To reopen or not – that is the question for colleges and universities
Will your college or university open this fall? It may sound silly, but for many colleges and universities it’s a pressing question for students, faculty, staff, and alumni.
California State University System Chancellor Timothy White announced Tuesday, May 12, that all 23 of CSU’s universities would remain closed for the fall and only provide online classes.
"This virtual planning approach for the next academic year is necessary because of the evolving data surrounding the progression of COVID-19," White explained to CSU trustees. He went on to say non-partisan researchers and health experts forecast additional waves of infection coupled with the flu season in the fall. White added the public immunity rate is very low, and it is not likely a vaccine will be developed during the academic year.
As public leaders in states and cities ponder an economic and health game plan to reopen, colleges and universities also must make a critical decision about how and when they will reopen their campuses. Many colleges and universities have formed task forces to study this critical issue, which involves a multi-faceted approach built around health, testing, safety, learning, online versus in-person classes, and of course the economic issues caused by COVID-19 pandemic.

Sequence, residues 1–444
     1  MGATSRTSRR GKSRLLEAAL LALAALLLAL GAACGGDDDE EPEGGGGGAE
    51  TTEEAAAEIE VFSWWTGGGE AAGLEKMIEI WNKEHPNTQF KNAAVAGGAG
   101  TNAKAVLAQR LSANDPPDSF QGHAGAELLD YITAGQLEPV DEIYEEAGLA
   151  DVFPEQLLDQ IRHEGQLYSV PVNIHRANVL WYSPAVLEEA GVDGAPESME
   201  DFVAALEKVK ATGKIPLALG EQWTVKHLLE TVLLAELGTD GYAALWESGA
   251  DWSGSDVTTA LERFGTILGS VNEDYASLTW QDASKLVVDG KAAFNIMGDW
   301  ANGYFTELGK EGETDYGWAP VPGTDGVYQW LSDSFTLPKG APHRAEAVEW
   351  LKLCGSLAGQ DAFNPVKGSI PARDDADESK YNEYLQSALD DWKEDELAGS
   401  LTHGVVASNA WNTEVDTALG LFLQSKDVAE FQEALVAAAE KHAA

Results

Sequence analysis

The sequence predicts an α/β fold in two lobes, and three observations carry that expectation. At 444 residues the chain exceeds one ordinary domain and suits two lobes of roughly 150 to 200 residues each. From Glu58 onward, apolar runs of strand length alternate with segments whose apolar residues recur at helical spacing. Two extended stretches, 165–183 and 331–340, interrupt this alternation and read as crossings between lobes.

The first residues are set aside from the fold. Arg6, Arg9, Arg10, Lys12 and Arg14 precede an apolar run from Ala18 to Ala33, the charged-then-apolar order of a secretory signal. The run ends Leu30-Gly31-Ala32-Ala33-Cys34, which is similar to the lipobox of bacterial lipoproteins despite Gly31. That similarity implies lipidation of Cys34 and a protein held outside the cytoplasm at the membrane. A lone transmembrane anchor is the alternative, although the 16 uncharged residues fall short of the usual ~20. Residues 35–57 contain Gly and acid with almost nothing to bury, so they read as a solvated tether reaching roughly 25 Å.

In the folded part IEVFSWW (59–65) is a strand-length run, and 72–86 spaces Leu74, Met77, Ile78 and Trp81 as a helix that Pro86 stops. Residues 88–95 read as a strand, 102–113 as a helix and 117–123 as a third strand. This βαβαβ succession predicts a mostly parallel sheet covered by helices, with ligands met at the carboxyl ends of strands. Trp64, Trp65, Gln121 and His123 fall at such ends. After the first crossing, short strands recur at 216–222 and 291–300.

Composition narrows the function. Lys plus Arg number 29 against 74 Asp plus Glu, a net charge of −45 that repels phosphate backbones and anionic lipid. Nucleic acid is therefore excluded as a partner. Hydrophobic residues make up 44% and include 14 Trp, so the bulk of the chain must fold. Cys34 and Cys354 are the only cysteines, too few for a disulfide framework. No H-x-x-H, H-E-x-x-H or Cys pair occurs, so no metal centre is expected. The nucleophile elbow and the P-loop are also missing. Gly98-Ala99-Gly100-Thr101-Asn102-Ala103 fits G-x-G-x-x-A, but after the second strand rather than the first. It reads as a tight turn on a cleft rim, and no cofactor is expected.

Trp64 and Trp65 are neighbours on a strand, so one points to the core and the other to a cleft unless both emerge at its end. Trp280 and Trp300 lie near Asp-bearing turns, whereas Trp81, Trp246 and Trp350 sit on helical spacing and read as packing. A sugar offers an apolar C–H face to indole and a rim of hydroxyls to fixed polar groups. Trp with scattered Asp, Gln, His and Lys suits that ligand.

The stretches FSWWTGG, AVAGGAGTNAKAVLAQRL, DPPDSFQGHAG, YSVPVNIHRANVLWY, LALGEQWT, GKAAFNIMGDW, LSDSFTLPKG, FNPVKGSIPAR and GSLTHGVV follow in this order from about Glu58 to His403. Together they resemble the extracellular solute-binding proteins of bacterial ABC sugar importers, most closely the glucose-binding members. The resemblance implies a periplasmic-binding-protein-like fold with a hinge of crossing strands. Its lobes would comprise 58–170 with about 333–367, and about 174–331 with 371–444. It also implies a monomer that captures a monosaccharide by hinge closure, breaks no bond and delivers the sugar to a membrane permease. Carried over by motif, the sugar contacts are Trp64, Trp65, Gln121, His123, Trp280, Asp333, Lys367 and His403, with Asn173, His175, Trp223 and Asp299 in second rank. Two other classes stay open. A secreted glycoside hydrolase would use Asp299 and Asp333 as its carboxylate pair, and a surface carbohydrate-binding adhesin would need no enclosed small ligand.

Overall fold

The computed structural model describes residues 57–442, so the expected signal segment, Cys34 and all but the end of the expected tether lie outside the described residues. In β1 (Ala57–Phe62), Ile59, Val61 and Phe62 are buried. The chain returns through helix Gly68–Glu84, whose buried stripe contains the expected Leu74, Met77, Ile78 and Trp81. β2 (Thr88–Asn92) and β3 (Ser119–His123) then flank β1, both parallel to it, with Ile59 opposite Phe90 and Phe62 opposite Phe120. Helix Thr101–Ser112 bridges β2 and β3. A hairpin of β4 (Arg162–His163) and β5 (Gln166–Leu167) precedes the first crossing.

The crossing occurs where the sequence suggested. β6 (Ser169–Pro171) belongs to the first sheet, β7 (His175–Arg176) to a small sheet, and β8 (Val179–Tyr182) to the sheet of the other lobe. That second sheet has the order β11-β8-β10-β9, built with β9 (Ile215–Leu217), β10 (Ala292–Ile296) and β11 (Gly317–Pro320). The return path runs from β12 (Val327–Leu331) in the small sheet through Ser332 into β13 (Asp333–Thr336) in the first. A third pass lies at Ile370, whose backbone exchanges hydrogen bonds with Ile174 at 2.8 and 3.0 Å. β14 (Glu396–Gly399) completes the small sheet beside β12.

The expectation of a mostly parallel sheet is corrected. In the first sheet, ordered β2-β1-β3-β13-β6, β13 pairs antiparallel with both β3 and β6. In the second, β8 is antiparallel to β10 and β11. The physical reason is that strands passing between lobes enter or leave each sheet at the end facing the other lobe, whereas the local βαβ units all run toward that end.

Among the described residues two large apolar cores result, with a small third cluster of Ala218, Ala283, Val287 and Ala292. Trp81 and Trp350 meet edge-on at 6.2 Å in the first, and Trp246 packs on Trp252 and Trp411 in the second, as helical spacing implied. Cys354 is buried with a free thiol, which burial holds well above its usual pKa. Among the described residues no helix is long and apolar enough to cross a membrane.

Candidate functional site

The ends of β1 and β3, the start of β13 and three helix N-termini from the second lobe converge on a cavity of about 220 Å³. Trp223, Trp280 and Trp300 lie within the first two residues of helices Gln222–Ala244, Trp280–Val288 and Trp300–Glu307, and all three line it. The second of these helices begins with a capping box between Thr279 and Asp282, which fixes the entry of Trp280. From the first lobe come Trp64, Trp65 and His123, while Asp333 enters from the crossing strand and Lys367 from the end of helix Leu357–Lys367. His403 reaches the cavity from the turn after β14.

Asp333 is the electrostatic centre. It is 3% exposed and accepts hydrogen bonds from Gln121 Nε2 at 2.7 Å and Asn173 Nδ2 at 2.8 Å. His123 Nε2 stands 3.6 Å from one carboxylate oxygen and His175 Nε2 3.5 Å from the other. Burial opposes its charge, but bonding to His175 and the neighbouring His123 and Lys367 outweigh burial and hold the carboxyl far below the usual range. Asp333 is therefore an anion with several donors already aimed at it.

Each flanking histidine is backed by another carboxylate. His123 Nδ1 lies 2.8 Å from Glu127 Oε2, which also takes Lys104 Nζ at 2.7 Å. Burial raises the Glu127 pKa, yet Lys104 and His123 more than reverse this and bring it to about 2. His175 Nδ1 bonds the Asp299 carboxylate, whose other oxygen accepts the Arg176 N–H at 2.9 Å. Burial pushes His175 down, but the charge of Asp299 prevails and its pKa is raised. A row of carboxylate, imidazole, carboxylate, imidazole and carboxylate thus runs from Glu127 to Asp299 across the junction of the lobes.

One of the major factors as to whether or not a university reopens is simply whether it is public or private. Private universities with tuition and room and board approaching $80,000 a year are facing the reality that parents will not want to pay anything approaching that kind of cost for online classes. Facing this economic reality, assuming their states allow them to open, many leading private universities have already announced that they are opening in the fall (i.e., Brown, Boston University, Cornell). Public universities, while not having the high-tuition issue, face many questions – one being their ability to open to larger numbers of students (i.e., Ohio State University with approximately 65,000 students, or University of Wisconsin, also with approximately 65,000 students) and how do you properly protect and serve that large number of students and faculty, staff and administration.
These are just a few of the large issues that presidents, senior staff, and boards of trustees are having to discuss and plan to answer the fundamental question: To open or not?